The cables have to be buried more than 5m in the seabed for the first 10km of the offshore cable route, as to be able to cross the busy Rotterdam Maasmond shipping lane as they leave the wind farm located 22km off the coast of the Dutch province of Zuid-Holland.
For this specific job, Van Oord designed and built the Deep Dig-It trencher, a gigantic and remotely controlled trencher.
Van Oord, being part of the Van Oord-Hellenic Cables consortium, is conducting final tests with this enormous machine in the Alexiahaven (harbour), in preparation for the actual installation of the sea cables in July.
The Deep Dig-It is a "Tracked Remotely Operated Vehicle" (TROV), which drives unmanned over the seabed, creating a deep trench for the cables, while simultaneously inserting the cables and then closing the trench again.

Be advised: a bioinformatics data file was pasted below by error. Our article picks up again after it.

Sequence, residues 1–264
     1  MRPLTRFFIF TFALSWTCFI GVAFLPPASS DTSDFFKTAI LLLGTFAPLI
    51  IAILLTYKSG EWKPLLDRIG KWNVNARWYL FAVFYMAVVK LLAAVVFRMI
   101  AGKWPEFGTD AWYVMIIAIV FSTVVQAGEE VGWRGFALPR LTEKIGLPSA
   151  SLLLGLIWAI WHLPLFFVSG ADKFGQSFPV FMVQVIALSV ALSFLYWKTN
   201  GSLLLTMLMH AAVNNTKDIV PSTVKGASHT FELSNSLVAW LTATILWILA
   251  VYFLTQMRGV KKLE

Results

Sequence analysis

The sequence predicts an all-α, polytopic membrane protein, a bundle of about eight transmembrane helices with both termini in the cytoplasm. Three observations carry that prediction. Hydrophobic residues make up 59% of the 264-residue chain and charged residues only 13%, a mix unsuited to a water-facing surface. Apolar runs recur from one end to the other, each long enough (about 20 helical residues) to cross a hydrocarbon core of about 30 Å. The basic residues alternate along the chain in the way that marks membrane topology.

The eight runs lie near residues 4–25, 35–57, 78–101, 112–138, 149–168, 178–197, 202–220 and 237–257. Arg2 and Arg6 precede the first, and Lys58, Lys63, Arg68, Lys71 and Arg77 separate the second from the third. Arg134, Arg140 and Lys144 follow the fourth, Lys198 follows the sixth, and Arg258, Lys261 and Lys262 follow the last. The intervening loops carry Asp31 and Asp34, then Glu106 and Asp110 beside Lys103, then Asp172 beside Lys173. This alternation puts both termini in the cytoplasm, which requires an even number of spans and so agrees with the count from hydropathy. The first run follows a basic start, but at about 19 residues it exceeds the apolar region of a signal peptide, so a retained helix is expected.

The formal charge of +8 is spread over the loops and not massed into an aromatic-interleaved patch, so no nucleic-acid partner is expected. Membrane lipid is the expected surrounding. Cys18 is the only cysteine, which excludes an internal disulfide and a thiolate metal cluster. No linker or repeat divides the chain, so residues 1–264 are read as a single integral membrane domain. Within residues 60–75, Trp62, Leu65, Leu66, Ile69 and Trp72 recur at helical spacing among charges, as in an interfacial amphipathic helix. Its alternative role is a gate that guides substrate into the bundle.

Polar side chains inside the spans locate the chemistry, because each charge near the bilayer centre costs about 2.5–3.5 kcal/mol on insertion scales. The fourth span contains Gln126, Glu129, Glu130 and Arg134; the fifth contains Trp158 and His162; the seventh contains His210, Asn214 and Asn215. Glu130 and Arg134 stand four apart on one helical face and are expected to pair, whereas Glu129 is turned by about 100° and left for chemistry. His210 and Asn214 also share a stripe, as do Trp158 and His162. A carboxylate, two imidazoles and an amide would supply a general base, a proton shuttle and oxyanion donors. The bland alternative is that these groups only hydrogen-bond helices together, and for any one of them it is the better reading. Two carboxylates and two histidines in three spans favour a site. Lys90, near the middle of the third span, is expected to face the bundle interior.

This new trencher is the largest and most powerful machine in its class, weighing 125,000kg and more than 17m long, well over 8m high, and 11m wide. It has an installed power of 2,500hp, making it possible to bury cables into very hard soils. Next to the large power installed, the depth of burial that can be achieved by the trencher is unmatched: well over 5m.
A lot of marine ingenuity has been put into the Deep Dig-It, with the development of this new trencher Van Oord responds to a changing offshore wind market and its latest demands. The Deep Dig-It will be controlled from Van Oord's offshore installation vessel MPI Adventure, which is equipped with a crane that launches and recovers the Deep Dig-It into the sea.
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